Dunedin Tailoresses' Union

1889 – 1945

Dunedin Tailoresses' Union

1889 – 1945

Theme: Employment

This essay written by Melanie Nolan and Penelope Harper was first published in Women Together: a History of Women's Organisations in New Zealand in 1993.

The Dunedin Tailoresses' Union (DTU) was New Zealand's first women's union. [1] With a membership fluctuating between 350 and 1400, it fought to improve the lives and working conditions of Dunedin's wage-earning women, and helped a wide range of clothing workers through its close association with the Federated Tailoresses' Union of New Zealand (FTU), the Department of Labour and the industrial labour movement.

In 1888 and 1889, lectures and sermons by the Reverend Rutherford Waddell and an investigation by the Otago Daily Times (ODT) brought the working conditions of Dunedin's female clothing factory workers to public notice. Although other women workers faced worse conditions, the tailoresses captured attention: their plight indicated that the industrial evils supposedly left behind in the 'Old World' had not only taken hold in the new, but were threatening the physical and moral health of the nation's future mothers.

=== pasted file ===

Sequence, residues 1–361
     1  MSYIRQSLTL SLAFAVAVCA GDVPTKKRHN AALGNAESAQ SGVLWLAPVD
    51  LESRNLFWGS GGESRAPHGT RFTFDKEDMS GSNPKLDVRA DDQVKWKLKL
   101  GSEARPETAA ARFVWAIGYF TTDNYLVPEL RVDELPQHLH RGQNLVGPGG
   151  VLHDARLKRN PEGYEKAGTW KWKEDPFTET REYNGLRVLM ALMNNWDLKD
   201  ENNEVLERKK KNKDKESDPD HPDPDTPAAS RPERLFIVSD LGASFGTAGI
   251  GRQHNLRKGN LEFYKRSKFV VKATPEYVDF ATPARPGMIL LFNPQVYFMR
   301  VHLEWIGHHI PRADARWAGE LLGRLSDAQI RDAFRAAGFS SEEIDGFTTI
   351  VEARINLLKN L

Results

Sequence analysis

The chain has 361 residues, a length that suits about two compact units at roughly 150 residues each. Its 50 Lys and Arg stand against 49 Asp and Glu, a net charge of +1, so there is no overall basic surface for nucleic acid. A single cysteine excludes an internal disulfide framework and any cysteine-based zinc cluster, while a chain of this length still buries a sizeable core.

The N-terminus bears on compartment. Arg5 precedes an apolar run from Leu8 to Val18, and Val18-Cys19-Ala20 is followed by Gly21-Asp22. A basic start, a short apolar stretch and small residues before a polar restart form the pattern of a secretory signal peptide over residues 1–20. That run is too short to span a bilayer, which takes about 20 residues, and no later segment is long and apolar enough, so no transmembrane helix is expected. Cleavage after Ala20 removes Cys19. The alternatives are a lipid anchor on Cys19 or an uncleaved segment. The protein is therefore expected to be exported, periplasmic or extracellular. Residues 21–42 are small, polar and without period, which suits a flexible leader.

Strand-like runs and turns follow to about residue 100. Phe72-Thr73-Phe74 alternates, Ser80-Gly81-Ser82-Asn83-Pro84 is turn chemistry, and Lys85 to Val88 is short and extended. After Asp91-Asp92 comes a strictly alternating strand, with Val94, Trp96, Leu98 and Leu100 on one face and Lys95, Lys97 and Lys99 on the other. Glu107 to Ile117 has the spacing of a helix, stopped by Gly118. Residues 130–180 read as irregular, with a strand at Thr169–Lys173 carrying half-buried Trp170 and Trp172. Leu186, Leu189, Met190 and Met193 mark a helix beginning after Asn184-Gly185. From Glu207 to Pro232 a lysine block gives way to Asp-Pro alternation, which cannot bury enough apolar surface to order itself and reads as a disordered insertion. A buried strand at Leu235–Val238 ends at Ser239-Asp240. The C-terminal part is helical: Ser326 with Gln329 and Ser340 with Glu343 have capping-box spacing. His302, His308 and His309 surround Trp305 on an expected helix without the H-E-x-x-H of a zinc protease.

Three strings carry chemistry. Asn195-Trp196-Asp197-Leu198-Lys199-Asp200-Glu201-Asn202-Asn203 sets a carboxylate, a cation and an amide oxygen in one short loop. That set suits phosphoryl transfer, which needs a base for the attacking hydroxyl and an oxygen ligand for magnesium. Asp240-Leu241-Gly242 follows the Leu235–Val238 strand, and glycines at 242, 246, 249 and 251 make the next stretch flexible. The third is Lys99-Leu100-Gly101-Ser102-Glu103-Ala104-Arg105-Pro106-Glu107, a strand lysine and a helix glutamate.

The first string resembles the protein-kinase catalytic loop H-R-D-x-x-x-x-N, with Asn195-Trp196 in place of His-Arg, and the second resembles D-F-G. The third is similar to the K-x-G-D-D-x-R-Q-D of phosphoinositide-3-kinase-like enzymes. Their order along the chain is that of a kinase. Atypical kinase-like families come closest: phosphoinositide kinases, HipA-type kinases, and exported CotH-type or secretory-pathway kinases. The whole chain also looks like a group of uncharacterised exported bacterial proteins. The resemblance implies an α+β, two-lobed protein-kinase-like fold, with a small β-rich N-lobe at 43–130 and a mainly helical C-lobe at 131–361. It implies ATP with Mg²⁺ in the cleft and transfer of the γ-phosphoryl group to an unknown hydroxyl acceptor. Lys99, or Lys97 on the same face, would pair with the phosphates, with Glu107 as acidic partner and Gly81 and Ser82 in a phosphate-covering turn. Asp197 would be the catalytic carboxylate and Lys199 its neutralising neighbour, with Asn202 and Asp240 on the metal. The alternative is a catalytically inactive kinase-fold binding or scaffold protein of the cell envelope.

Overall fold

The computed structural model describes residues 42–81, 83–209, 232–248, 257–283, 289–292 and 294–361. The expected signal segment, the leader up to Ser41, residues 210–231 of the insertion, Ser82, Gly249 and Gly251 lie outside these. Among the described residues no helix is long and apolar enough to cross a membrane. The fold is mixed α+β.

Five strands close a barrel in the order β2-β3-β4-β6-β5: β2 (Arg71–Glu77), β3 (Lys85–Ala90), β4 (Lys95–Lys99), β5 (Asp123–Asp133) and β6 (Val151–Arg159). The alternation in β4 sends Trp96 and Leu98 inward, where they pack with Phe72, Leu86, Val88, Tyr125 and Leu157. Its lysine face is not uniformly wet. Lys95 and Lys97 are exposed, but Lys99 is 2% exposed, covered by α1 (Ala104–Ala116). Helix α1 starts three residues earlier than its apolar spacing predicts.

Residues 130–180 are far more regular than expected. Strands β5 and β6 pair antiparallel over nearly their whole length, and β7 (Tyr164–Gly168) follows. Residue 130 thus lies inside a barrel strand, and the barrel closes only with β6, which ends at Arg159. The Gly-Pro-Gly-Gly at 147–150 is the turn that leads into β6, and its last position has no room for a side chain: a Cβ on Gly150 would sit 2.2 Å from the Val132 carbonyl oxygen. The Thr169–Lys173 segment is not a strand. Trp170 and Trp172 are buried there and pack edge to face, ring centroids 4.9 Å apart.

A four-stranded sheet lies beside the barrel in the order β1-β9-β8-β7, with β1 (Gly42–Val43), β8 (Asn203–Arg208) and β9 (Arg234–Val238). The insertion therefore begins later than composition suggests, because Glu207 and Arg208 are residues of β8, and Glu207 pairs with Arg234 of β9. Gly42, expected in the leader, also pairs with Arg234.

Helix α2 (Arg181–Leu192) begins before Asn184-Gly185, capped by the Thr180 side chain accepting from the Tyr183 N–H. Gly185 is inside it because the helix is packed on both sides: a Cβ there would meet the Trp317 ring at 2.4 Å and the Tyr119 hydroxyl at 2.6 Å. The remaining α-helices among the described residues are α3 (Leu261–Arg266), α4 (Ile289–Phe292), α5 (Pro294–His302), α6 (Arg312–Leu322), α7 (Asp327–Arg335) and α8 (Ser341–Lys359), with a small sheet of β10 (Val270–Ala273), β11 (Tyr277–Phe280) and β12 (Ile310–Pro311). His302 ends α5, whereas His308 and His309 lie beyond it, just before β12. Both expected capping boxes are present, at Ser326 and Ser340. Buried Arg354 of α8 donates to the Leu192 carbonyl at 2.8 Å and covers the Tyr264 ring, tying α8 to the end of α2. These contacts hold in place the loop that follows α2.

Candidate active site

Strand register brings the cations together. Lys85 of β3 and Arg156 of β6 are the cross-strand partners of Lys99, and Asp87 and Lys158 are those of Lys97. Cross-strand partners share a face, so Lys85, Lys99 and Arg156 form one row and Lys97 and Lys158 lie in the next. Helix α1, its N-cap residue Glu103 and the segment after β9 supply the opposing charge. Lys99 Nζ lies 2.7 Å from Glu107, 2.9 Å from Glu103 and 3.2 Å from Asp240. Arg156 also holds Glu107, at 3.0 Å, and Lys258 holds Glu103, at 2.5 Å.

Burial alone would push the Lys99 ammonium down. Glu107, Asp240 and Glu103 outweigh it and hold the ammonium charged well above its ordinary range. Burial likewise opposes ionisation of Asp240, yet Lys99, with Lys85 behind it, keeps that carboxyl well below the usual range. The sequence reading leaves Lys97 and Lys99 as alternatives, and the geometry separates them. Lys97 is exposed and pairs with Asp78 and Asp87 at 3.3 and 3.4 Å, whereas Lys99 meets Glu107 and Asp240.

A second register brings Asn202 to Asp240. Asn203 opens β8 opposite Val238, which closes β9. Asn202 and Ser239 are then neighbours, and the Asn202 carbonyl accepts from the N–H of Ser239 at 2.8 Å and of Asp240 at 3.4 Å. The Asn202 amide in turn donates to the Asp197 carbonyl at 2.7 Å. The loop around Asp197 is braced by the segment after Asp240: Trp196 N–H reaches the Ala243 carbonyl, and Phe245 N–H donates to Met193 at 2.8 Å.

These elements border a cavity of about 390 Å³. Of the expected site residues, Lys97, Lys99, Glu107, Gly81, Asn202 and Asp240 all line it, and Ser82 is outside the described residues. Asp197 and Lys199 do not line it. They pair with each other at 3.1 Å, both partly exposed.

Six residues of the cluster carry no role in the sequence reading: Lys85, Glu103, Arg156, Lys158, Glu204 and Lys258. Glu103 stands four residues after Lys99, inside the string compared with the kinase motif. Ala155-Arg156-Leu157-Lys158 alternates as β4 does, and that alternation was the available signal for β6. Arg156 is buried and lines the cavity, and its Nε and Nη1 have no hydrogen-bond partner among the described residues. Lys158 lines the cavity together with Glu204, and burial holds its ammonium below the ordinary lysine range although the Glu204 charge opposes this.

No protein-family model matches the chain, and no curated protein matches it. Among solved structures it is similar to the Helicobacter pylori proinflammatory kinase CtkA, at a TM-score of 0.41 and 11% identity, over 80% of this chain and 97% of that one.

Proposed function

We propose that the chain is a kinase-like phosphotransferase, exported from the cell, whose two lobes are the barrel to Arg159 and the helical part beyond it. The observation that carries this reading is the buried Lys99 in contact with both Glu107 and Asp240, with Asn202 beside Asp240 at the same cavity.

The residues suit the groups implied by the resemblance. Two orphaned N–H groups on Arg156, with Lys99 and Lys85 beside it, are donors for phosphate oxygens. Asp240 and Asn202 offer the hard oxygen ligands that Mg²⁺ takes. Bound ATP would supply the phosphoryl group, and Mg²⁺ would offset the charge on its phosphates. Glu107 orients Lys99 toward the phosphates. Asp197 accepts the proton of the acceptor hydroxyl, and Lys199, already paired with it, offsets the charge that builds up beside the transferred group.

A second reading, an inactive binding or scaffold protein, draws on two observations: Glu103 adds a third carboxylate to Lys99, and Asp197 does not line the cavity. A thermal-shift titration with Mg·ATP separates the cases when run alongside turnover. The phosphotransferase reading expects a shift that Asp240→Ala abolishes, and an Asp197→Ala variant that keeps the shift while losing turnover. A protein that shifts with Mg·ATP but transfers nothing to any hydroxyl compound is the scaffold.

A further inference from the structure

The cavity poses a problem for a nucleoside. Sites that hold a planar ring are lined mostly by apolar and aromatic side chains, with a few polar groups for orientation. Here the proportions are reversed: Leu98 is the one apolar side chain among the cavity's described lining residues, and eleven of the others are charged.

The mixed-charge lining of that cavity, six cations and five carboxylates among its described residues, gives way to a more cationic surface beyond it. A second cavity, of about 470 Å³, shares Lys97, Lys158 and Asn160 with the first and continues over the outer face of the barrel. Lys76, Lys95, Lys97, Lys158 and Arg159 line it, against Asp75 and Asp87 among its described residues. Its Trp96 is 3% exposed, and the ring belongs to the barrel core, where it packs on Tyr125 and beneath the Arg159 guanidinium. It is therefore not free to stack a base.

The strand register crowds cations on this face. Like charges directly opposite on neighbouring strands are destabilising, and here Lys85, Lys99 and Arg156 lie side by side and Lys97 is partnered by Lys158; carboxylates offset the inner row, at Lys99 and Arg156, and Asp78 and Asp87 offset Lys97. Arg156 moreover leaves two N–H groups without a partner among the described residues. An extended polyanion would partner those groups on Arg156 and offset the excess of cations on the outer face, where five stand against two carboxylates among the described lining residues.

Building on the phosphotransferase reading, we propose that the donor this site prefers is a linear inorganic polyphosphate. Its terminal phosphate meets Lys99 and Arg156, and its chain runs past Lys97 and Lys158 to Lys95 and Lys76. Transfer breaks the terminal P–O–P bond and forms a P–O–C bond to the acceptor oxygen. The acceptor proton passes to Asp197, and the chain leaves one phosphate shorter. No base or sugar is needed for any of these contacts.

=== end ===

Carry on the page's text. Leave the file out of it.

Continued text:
At a meeting on 14 February 1889, local labour leaders and respectable citizens—including Waddell, W. Downie Stewart, and ODT reporter Silas Spragg—formed a committee to campaign for improvements. When employers refused to negotiate, the committee formed the Dunedin Tailoresses' Union on 12 July 1889. Under threat of strike action, local employers soon agreed to reduce working hours (although some women continued to take work home), and to raise wages by at least 2 percent, and in some cases as much as 40 per cent—a significant accomplishment for the union. Even so, the 1890 Sweating Commission heard complaints that the new rates were still not high enough for women to support themselves, and many tailoresses had to rely on their parents.